Nh

Such isomerizations sometimes are the rate-limiting step in the folding of protein domains. Many peptidyl-prolyl iso-merases can catalyze the rotation of exposed peptidyl-prolyl bonds indiscriminately in numerous proteins, but some have very specific protein substrates.

Many important secretory and membrane proteins synthesized on the ER are built of two or more polypeptide sub-units. In all cases, the assembly of subunits constituting these

Oligosaccharyl transferase

Dolichol oligosaccharide

Cytosol

ER lumen

Oligosaccharyl transferase

Dolichol oligosaccharide

Calnexin

Calreticulin

Membrane-spanning Luminal a helix a helix

Membrane-spanning Luminal a helix a helix

Completed HA0 monomer

HA0 trimer

Calreticulin

Completed HA0 monomer

▲ FIGURE 16-21 Folding and assembly of hemagglutinin (HA0) trimer in the ER. Transient binding of the chaperone BiR (step |1a|) to the nascent chain and of two lectins, calnexin and calreticulin, to certain oligosaccharide chains (step 1b) promotes proper folding of adjacent segments. A total of seven /V-linked oligosaccharide chains are added to the luminal portion of the nascent chain during cotranslational translocation, and RDI catalyzes the formation of six disulfide bonds per monomer. Completed HA0 monomers are anchored in the membrane by a single membrane-spanning a helix with their N-terminus in the lumen (step|2|). Interaction of three HA0 chains with one another, initially via their transmembrane a helices, apparently triggers formation of a long stem containing one a helix from the luminal part of each HA0 polypeptide. Finally, interactions between the three globular heads occur, generating a stable HA0 trimer (step|3|). [See U. Tatu et al., 1995, EMBO J. 14:1340, and D. Hebert et al., 1997, J. Cell Biol. 139:613.]

multisubunit (multimeric) proteins occurs in the ER. An important class of multimeric secreted proteins is the immunoglobulins, which contain two heavy (H) and two light (L) chains, all linked by intrachain disulfide bonds. Hemag-glutinin (HA) is another multimeric protein that provides a good illustration of folding and subunit assembly (see Figure 16-21). This trimeric protein forms the spikes that protrude from the surface of an influenza virus particle. HA is formed within the ER of an infected host cell from three copies of a precursor protein termed HA0, which has a single membrane-spanning a helix. In the Golgi complex, each of the three HA0 proteins is cleaved to form two polypeptides, HA 1 and HA2; thus each HA molecule that eventually resides on the viral surface contains three copies of HA1 and three of HA2 (see Figure 3-7). The trimer is stabilized by interactions between the large exoplasmic domains of the constituent polypeptides, which extend into the ER lumen; after HA is transported to the cell surface, these domains extend into the extracellular space. Interactions between the smaller cytosolic and membrane-spanning portions of the HA sub-units also help stabilize the trimeric protein.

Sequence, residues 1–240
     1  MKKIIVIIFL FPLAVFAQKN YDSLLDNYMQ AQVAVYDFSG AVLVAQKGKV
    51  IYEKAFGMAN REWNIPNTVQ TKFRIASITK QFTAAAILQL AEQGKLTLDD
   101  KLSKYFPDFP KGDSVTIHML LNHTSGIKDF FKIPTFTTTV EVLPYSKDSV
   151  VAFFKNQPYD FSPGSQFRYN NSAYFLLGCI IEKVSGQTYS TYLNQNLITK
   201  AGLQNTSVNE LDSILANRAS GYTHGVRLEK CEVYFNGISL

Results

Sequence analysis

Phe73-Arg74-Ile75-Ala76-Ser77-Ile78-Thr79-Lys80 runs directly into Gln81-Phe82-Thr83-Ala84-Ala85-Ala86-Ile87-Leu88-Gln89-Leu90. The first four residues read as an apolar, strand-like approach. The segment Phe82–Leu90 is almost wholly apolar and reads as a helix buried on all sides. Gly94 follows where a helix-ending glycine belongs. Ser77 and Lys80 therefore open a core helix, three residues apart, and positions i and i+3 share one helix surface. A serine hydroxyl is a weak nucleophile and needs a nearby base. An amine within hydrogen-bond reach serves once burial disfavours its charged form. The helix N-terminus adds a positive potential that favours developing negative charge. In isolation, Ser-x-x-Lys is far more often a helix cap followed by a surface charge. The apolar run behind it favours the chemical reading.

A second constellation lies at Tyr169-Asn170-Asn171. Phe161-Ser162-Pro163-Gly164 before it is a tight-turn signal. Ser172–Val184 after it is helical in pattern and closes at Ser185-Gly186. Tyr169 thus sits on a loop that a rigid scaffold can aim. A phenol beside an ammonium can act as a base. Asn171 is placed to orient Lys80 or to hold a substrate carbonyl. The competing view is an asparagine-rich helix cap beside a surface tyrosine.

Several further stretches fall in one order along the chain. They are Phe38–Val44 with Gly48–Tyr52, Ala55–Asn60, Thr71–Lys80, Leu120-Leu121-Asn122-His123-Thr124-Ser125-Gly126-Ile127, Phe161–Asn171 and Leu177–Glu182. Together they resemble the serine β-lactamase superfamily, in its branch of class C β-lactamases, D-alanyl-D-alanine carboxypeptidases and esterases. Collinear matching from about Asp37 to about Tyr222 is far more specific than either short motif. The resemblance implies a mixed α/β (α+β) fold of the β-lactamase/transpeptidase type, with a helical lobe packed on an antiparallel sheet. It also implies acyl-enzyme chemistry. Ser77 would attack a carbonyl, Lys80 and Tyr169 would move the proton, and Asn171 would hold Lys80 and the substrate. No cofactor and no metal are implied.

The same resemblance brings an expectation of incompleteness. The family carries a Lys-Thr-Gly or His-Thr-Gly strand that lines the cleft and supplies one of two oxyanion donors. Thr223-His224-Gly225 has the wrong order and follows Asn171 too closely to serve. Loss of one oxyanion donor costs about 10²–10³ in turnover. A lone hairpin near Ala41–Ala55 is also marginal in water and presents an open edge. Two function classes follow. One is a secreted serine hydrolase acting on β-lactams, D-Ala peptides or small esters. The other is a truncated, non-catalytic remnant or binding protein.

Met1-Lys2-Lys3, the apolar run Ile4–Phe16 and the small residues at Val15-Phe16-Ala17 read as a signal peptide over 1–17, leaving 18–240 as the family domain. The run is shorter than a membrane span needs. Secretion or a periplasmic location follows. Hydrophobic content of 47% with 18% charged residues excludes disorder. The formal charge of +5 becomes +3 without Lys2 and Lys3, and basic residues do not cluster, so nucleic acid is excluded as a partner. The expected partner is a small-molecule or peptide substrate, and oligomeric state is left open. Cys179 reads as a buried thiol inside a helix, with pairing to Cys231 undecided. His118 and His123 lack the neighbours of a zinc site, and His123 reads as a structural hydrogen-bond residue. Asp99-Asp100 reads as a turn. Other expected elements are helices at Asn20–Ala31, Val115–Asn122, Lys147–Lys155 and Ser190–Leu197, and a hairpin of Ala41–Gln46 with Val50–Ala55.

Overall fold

The time course of HA0 folding and assembly in vivo can be determined by pulse-labeling experiments. In a typical experiment, virus-infected cells are pulse-labeled with a radioactive amino acid; at various times during the subsequent chase period, membranes are solubilized by detergent and exposed to monoclonal antibodies specific for either HA0 monomer or trimer. Immediately after the pulse, the monomer-specific antibody is able to immunoprecipitate all the radioactive HA0 protein. During the chase period, increasing proportions of the total radioactive HA0 protein instead react with the trimer-specific monoclonal antibody. Such experiments have shown that each newly made HA0 polypeptide requires approximately 10 minutes to fold and be incorporated into a trimer in living cells.

Improperly Folded Proteins in the ER Induce Expression of Protein-Folding Catalysts

Wild-type proteins that are synthesized on the rough ER cannot exit this compartment until they achieve their completely folded conformation. Likewise, almost any mutation that prevents proper folding of a protein in the ER also blocks movement of the polypeptide from the ER lumen or membrane to the Golgi complex. The mechanisms for retaining unfolded or incompletely folded proteins within the ER probably increase the overall efficiency of folding by keeping intermediate forms in proximity to folding catalysts, which are most abundant in the ER. Improperly folded proteins retained within the ER generally are found permanently bound

Hac1

transcription factor

Spliced Hac1 mRNA

Translation

Endonuclease-cut Hac1 mRNA^^ ^

Unspliced Hac1 mRNA

Ire1

monomer

Cytosol ER

lumen

Endonuclease-cut Hac1 mRNA^^ ^

Unspliced Hac1 mRNA

Ire1

monomer

Cytosol ER

lumen

Unfolded proteins

Unfolded proteins with BiP bound

Unfolded proteins